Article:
May we worship in holiness. May we worship in truth. May the love of God and the grace of God bring us to the knowledge of God. May we accept his invitation to come and worship and be forever changed into his image. Amen.

Holes, Hearts, Eternity

I lead worship in the summer for an organization called Student Life. Teenagers from all over the country meet in different locations for week long sessions to hear the gospel preached, and to see God elevated and glorified. June 22, 2015 was the start of one of these weeks. I was in Ruston, Louisiana at Louisiana Tech University, participating in our first student pastor meeting of the week. Student pastor meetings at camp are an amazing time where all the different leaders who have brought students to camp get together and share prayer requests and expectations for the week. One request at this first meeting stood out to me that night. One pastor shared that one of his students had been looking forward to camp all year but had received news, the week of camp, that a hole in her heart had gotten to the point where immediate surgery was required. He said she was in Houston that very night, scared and very sad. He also said, that along with her parents, she had been joined by her grandparents who were not believers. He was praying that God would use her surgery to show his power.

 

After the meeting I pulled the pastor aside and asked if we could pray for her in our session that night, that I didn’t want to embarrass her or make a spectacle out of it but, if she was willing, I felt like we were supposed to rally the body of Christ around her situation. After getting in touch with her and her parents we received the green light. That night, via Facetime, over 1,000 students lifted their hands toward a face, on a tiny iPhone, and prayed on behalf of a girl they had never met. It was unbelievably beautiful. Leading the people of God that night to sing his praises was effortless. We wanted to sing. We wanted to praise the name of the one who could move mountains and defeat enemies. We wanted to see Jesus.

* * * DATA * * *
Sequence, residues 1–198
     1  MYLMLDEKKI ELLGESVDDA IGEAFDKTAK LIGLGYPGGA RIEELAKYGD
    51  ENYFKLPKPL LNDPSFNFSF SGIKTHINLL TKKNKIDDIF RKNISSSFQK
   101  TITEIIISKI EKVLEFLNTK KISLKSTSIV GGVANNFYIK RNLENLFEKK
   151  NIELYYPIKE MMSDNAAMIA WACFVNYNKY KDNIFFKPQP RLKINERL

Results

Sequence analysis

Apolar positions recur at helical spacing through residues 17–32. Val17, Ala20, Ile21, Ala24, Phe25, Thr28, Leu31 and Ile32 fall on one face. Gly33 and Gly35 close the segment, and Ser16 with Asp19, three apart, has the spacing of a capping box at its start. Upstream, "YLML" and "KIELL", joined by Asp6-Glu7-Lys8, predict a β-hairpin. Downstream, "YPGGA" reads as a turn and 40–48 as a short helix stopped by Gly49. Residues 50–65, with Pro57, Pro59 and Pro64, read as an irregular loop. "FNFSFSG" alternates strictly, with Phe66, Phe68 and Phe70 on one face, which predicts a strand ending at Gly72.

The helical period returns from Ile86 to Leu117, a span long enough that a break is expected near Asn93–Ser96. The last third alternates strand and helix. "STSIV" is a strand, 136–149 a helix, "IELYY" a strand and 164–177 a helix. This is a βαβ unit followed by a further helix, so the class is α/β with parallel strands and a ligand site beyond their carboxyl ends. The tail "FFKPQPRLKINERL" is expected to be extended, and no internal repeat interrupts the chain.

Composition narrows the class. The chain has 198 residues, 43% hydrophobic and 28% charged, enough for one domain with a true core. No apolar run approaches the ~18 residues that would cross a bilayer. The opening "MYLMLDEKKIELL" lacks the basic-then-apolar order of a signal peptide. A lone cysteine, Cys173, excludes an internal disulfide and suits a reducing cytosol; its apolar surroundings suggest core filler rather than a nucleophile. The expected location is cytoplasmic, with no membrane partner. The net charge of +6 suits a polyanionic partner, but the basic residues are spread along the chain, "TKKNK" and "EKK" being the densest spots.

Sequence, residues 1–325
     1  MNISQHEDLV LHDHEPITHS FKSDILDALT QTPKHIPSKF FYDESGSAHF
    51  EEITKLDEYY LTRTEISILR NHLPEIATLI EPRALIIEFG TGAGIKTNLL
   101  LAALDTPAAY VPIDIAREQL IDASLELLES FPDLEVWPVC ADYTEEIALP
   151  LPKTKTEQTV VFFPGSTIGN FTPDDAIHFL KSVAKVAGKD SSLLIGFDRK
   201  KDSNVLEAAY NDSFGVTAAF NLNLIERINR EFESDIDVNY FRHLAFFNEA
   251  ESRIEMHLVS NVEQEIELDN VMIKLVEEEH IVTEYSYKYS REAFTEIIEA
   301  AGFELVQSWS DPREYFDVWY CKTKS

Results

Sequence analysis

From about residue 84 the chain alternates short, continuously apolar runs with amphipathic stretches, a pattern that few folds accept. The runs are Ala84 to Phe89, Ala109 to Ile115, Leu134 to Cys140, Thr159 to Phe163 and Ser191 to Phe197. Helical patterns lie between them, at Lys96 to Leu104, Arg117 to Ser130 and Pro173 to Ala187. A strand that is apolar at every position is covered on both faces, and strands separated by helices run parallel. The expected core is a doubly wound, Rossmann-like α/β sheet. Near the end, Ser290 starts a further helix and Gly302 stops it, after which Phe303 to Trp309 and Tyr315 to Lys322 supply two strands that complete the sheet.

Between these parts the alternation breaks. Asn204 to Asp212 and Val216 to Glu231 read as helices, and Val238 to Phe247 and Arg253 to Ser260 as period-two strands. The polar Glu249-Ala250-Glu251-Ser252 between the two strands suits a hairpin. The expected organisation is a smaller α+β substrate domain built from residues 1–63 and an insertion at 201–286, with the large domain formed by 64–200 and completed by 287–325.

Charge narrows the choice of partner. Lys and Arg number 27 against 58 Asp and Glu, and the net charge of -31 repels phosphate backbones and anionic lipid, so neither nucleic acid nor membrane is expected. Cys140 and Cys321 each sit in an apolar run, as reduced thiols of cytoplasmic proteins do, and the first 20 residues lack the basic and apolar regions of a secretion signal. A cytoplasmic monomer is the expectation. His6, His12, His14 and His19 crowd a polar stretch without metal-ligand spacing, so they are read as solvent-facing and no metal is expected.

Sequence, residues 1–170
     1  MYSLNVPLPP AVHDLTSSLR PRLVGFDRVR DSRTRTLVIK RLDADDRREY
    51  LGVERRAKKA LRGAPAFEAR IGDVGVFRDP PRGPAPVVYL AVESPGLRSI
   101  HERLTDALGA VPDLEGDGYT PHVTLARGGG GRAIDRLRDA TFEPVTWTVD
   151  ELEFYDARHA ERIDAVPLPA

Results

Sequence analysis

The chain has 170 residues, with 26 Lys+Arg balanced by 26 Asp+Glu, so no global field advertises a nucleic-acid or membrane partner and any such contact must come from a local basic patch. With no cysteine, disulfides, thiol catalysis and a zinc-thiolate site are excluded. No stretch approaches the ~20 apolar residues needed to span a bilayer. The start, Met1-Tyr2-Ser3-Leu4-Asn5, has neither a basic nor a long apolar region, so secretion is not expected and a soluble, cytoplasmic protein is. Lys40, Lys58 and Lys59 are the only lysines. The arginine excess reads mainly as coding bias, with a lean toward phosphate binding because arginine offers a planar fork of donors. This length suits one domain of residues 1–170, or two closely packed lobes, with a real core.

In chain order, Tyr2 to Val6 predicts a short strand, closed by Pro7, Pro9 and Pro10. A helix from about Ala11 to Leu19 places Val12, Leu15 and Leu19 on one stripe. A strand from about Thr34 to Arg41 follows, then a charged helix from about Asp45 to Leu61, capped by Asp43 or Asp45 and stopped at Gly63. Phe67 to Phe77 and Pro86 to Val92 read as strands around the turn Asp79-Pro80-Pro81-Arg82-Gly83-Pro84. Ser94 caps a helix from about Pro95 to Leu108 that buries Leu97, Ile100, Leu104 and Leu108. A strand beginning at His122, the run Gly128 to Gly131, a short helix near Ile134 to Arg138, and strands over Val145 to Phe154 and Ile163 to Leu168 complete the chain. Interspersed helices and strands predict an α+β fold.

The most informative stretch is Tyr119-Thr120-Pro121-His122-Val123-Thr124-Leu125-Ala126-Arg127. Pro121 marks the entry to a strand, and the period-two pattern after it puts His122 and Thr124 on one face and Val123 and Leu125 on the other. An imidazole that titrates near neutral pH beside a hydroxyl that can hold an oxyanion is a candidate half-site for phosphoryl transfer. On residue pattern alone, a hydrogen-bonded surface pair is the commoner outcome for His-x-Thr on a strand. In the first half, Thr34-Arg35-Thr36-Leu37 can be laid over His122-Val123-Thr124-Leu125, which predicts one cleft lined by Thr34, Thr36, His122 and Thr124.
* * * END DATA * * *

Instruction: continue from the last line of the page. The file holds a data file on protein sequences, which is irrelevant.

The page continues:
The following afternoon the student pastor who had shared the request pulled me aside with amazing news. That morning the doctors had done one final check before surgery and were stunned to find the hole, that had been there the week and months prior, was gone. No surgery was needed; she was going home. That night I shared the news with everyone present, and again worship was fueled by the mighty working of God. That week was filled with students being freed from addictions, turning from sin, and committing their lives to the kingdom of God. God had moved, by showing himself strong in a situation hundreds of miles away, and those who had seen it responded to the hope of his gospel.

 

Fast forward to 2017...this past week. I am now the father of a beautiful little girl from China who we have named Josie Rose. She was born with a hole in her heart. We have prayed, since the day we met her on a piece of paper sent to us by our adoption agency, for her healing. We have also prayed that God would advance his kingdom through her story and ours. This past week, on March 28th, we handed Josie off to a team at Vanderbilt hospital, who took her to the operating room and began the long, ten hour process of attempting to repair her broken heart. That day was the longest day of my life. My wife Emily and I had no idea if the surgery would be a success. For hours and hours we waited to hear the news. Finally the surgeon came out and told us that she had repaired the many issues in her heart and that, in a couple of hours, we could see her in PICU. It goes without saying here that our hearts were overwhelmed with emotion. Our little girl had made it through surgery, and now had a repaired heart beating in her chest.